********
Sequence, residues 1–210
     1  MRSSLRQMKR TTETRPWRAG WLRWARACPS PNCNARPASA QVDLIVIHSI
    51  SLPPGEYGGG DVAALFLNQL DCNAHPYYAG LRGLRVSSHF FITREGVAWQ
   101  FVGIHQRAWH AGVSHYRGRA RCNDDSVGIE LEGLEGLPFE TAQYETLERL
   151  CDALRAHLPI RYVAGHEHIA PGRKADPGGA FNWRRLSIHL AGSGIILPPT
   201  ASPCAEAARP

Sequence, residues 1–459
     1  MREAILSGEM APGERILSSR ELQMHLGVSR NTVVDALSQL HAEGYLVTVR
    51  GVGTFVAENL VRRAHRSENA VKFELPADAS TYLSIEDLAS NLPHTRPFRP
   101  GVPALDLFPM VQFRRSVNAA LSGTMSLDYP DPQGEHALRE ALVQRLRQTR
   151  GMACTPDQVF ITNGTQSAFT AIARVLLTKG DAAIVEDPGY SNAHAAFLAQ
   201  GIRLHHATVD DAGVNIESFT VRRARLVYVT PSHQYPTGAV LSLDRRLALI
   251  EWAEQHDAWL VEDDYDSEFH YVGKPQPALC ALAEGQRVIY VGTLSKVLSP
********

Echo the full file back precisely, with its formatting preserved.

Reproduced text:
Sequence, residues 1–210
     1  MRSSLRQMKR TTETRPWRAG WLRWARACPS PNCNARPASA QVDLIVIHSI
    51  SLPPGEYGGG DVAALFLNQL DCNAHPYYAG LRGLRVSSHF FITREGVAWQ
   101  FVGIHQRAWH AGVSHYRGRA RCNDDSVGIE LEGLEGLPFE TAQYETLERL
   151  CDALRAHLPI RYVAGHEHIA PGRKADPGGA FNWRRLSIHL AGSGIILPPT
   201  ASPCAEAARP

Sequence, residues 1–459
     1  MREAILSGEM APGERILSSR ELQMHLGVSR NTVVDALSQL HAEGYLVTVR
    51  GVGTFVAENL VRRAHRSENA VKFELPADAS TYLSIEDLAS NLPHTRPFRP
   101  GVPALDLFPM VQFRRSVNAA LSGTMSLDYP DPQGEHALRE ALVQRLRQTR
   151  GMACTPDQVF ITNGTQSAFT AIARVLLTKG DAAIVEDPGY SNAHAAFLAQ
   201  GIRLHHATVD DAGVNIESFT VRRARLVYVT PSHQYPTGAV LSLDRRLALI
   251  EWAEQHDAWL VEDDYDSEFH YVGKPQPALC ALAEGQRVIY VGTLSKVLSP